A lover of electronics and music, James has proactively pursued his interests and gained valuable experience. Discovering the perfect university course, he’s now working towards a career in electronic engineering.
Passionate about music and electronics, James found a way to turn his interests into a viable career option by enrolling on the University of York’s electronic engineering with music technology systems BEng course.
During his A levels he spent a lot of time playing music in local bands and pursuing his interests in electronics by using pSpice simulations and building analogue effects pedals (overdrive, tremolo, delay etc.) for local guitarists.
"I know it sounds a bit cliché but I've always enjoyed knowing how electronic things work - right down to the individual circuit components,” he says. “About three years ago I found a circuit online for an audio amplifier pedal to be used between a guitar and a guitar amplifier to alter the sound when desired.
“I showed this to my dad and asked him how much it would cost to be able to build it and whether he understood it; being an electronic engineer it was a relatively simple circuit for him and so we ordered the parts online and he helped me design a component layout for the board and solder it together! Ever since then I've been building and designing similar circuits,” he explains.
“Perhaps my biggest achievement before university was simulating a famous rare and expensive blues amplifier with field effect transistors,” he adds.
During his A levels James also led a team of young engineers in building a light aircraft simulator at Yateley Sixth Form College for the first UK Boeing Build a Plane Challenge.
“My first real world engineering experience came when I was asked to lead the electronic development of a light aircraft simulator design project sponsored by Boeing. The project’s role was to inspire young people at secondary schools to get involved in engineering through a practical real world application,” he says.
“I led a small team of sixth form students in integrating the mechanical movements of the simulator with a computer and also got to represent the project at many events including the Farnborough Air Show.
“I also spent a lot of time before university gaining work experience in the space industry at COM DEV Europe Ltd, a company which provides communications devices for satellites,” he adds.
Outside of school he continued to be involved in the things he is passionate about, and is a musician and a leader at his local and York churches.
“Two years ago I persuaded leaders in the local church to have a youth group on the regular Sunday morning music rota; I have been a leader of this group from the start and it has been a great opportunity for young people to get involved with live music. All these commitments have allowed me to work with and inspire young people through either engineering or music.” He enthuses.
But it doesn’t end there. During his A level studies James also spent time at Cambridge University on a materials science Headstart course and at college he conducted a research project into the physics and electronics behind guitar audio setups.
“I designed and built a replica Fender guitar and Dumble amplifier simulator on a budget of £500 - bearing in mind that a real Fender guitar and Dumble amplifier could potentially set someone back thousands of pounds,” he says. “The guitar and amplifier simulator were built in an attempt to imitate John Mayer's guitar sound and the project scored top marks!"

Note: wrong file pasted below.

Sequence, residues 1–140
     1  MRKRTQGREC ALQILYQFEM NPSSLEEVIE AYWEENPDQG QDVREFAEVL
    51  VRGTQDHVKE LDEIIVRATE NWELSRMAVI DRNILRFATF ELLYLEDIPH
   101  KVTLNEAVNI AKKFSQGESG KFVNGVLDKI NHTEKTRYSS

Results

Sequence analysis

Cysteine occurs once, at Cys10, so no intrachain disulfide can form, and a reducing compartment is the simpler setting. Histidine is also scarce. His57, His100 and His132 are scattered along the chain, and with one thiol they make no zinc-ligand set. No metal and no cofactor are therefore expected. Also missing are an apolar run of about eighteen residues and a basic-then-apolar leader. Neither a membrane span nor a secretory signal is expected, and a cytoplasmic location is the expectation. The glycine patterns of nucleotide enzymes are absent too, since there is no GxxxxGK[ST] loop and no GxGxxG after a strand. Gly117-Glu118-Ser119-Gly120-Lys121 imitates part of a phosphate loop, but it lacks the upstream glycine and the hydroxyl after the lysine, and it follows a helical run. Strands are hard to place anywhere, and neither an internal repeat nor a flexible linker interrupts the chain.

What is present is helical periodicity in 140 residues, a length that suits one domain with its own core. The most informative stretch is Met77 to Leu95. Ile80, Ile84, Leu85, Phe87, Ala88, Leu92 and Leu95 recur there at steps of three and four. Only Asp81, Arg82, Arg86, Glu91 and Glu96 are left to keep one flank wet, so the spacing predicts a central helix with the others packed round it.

He feel’s he’s learnt a lot from his experiences so far.
"I have learned a lot about teamwork and the importance of discussing problems in groups, encouraging open minds when thinking and technically analysing potential merits and pitfalls of certain ideas before building on them,” he explains.
“I have also gained skills in promoting engineering to young people through the Boeing Build a Plane Challenge. Obviously my academic skills were improved upon greatly when participating in projects such as these, which has been valuable to me whilst going into my university,” he adds.
Now at university, James has discovered life as an undergraduate engineering student is tough but also very rewarding.
“You learn so much knowledge that can be applied in so many different areas in the outside world, but it definitely takes dedication to make sure that the work meets all the deadline at a good standard,” he says.
As a student he joined the IET for the support it offers in academic studies and also to keep in touch with the world of engineering.
“I believe that the IET plays a very important role in uniting engineers around the world through what they enjoy doing,” he says. “It provides plenty of academic support material for student engineers - like a revision toolkit and academic scholarships - and keeps students up to date with new and relevant technologies. They also have a virtual library, which may be very useful later in my studies,” he highlights.
James already has career plans in place, and after completing university he would like to have a job working on advancements in electronic engineering.
“This includes simulating old technologies with modern digital systems and also coming up with innovative new technologies,” he explains. “I would also like to help out in undeveloped countries. I believe that engineering is a valuable tool that should not just be used for the benefits of developed countries."
He leaves with this advice for students considering a career in engineering.
"To anyone considering engineering I would strongly suggest getting out into the real world and just taking on plenty of practical projects. Getting stuck into projects like these will really teach you a lot about yourself and where you want to be in the future!”